A stellar high school comedy with an A+ cast, a brilliant script loaded with witty dialogue, eye-catching cinematography, swift editing, and a danceable soundtrack.
* This filmography is not intended to be a comprehensive list of this artist’s work. Instead it reflects the films this person has been involved with that have been reviewed on this site.
Julianne Moore is one of cinema’s greatest laughers, and one of its greatest criers.
Sarah Knight Adamson reports from Santa Monica, CA on the winners and speeches at last weekend's Critics' Choice Awards.
A complete list of winners from last night's 76th Golden Globe Awards.
A report from this morning's Golden Globes nominations announcement, and a full list of the nominees.
An interview with Peter Hedges, writer/director of Ben is Back.
An interview with Gillian Flynn about co-writing the Steve McQueen heist film, Widows.
Miranda Harcourt on "The Changeover"; Elvis makes a comeback; Edward James Olmos on "The Ballad of Gregorio Cortez"; In memory of John McCain; Patricia Clarkson on "Sharp Objects."
A report from the first day of the Television Critics Association press tour, with the latest on "Deadwood," "Sharp Objects," Jennifer Garner's "Camping" and more.
An interview with the writer/director of The Party.
A countdown of our most anticipated films coming this winter.
A recap of highlights from the just-ended London Film Festival.
A review of three new films from the Berlin Film Festival, including the latest from Sally Potter.
Highlights of our 2015 interviews, including Brie Larson, Bryan Cranston, Jason Segel, Lexi Alexander, Sarah Silverman, Spike Lee, Tom McCarthy, Ramin Bahrani, Paul Feig, Charlie Kaufman and much more.
An overview of the films that will be theatrically released in the 2015 fall season.
An interview with Patricia Clarkson, star of Learning to Drive.
A gallery of photos, videos and links illustrating Chaz's journey relating to Roger's legacy in the two years since his death.
A photo gallery offering snapshots from The Ebert Dinner at the 2014 Toronto International Film Festival.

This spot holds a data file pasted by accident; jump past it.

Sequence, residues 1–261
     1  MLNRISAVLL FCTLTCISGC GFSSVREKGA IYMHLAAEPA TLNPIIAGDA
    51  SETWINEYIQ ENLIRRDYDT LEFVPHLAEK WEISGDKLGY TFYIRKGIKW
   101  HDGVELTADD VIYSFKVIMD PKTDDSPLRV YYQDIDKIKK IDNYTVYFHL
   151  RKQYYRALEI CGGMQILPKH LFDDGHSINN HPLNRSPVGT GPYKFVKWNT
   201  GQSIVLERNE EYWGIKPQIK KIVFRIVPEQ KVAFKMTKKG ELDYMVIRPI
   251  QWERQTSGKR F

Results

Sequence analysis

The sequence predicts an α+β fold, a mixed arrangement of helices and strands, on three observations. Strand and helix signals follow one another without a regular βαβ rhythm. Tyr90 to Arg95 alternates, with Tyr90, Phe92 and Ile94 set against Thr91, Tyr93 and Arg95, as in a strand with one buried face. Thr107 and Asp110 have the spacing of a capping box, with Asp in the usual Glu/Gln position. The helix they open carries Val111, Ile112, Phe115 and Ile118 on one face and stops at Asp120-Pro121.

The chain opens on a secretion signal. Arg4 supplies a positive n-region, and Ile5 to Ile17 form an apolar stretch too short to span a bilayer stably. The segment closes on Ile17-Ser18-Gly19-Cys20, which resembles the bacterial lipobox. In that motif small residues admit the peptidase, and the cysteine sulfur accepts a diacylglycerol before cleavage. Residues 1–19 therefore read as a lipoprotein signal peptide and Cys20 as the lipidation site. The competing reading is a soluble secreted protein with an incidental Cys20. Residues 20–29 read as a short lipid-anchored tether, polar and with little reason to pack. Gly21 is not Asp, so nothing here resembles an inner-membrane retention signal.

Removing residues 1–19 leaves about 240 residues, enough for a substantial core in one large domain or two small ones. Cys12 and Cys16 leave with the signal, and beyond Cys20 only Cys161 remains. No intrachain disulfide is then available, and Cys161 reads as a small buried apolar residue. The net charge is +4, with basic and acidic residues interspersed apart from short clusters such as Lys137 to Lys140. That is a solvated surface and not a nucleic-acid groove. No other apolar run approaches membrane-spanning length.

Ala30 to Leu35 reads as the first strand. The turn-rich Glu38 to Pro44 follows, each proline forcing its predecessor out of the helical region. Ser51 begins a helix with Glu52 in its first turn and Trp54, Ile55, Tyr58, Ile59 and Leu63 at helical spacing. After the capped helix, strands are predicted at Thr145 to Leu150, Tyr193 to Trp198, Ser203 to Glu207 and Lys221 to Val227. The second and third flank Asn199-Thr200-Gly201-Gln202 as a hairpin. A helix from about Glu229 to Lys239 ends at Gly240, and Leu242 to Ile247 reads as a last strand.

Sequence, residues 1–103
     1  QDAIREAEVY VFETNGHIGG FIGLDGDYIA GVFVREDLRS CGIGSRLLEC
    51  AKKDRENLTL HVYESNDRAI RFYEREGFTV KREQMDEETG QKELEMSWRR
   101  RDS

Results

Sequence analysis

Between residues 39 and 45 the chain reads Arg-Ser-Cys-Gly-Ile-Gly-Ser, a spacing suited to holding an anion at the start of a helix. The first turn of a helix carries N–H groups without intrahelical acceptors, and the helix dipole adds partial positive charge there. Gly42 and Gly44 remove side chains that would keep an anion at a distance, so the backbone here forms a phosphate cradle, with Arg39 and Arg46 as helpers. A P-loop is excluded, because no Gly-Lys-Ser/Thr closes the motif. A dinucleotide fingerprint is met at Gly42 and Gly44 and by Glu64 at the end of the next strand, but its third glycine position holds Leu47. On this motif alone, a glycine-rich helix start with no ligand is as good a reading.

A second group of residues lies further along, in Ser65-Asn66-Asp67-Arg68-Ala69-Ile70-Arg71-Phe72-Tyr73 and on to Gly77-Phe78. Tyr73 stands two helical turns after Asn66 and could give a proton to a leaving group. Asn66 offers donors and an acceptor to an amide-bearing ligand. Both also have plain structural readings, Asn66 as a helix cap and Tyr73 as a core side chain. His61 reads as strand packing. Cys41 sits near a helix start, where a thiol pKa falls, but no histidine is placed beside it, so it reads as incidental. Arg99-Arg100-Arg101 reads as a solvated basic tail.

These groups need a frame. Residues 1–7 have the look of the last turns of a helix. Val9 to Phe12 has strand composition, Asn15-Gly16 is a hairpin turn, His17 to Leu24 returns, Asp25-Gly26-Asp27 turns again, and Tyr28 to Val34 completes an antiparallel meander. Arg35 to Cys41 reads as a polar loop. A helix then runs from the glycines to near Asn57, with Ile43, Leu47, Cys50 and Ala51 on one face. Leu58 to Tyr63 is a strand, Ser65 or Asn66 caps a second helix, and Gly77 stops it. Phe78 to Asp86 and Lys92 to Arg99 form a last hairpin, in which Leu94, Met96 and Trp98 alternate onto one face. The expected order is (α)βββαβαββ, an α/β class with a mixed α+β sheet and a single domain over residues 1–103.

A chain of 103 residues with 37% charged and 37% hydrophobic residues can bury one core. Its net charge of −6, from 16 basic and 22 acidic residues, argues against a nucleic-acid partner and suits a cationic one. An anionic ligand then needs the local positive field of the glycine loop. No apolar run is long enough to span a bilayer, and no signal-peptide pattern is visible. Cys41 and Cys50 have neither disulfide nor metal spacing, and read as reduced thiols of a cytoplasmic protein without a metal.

An interview with Patricia Clarkson, star of two TIFF 2014 films, "Learning to Drive" and "October Gale."
An open letter from Woody Allen; an Edna Krabappel tribute; the possibility of a "Prometheus 2"; why film festivals reject good films; the return of "Black Angel" (the film meant to precede "Empire Strikes Back").
Marie writes: The West Coast is currently experiencing a heat wave and I have no air conditioning. That said, and despite it currently being 80F inside my apartment, at least the humidity is low. Although not so low, that I don't have a fan on my desk and big glass of ice tea at the ready. My apartment thankfully faces East and thus enjoys the shade after the sun has crossed the mid-point overhead. And albeit perverse in its irony, it's because it has been so hot lately that I've been in the mood to watch the following film again and which I highly recommend to anyone with taste and a discerning eye.
Marie writes: Intrepid club member Sandy Khan has sent us the following awesome find, courtesy of a pal in Belgium who'd first shared it with her. "Got Muck?" was filmed by diver Khaled Sultani (Emirates Diving Association's (EDA) in the Lembeh Strait, off the island coast of Sulawesi in Indonesia. Camera: Sony Cx550 using Light & Motion housing and sola lights. Song: "man with the movie camera" by cinematic orchestra.
This is a free sample of the Newsletter members receive each week. It contains content gathered from recent past issues and reflects the growing diversity of what's inside the club. To join and become a member, visit Roger's Invitation From the Ebert Club.
Marie writes: Not too long ago, Monaco's Oceanographic Museum held an exhibition combining contemporary art and science, in the shape of a huge installation by renowned Franco-Chinese artist Huang Yong Ping, in addition to a selection of films, interviews and a ballet of Aurelia jellyfish.The sculpture was inspired by the sea, and reflects upon maritime catastrophes caused by Man. Huang Yong Ping chose the name "Wu Zei"because it represents far more than just a giant octopus. By naming his installation "Wu Zei," Huang added ambiguity to the work. 'Wu Zei' is Chinese for cuttlefish, but the ideogram 'Wu' is also the color black - while 'Zei' conveys the idea of spoiling, corrupting or betraying. Huang Yong Ping was playing with the double meaning of marine ink and black tide, and also on corruption and renewal. By drawing attention to the dangers facing the Mediterranean, the exhibition aimed to amaze the public, while raising their awareness and encouraging them to take action to protect the sea.
Marie writes: Behold the entryway to the Institut Océanographique in Paris; and what might just be the most awesome sculpture to adorn an archway in the history of sculptures and archways. Photo @ pinterest
(click to enlarge.)
"I love music so much and I had such ambition that I was willing to go way beyond what the hell they paid me for. I wanted people to look at the artwork and hear the music." - Alex Steinweiss
Marie writes: Why a picture is often worth a thousand words...Production still of Harold Lloyd in "An Eastern Westerner" (1920)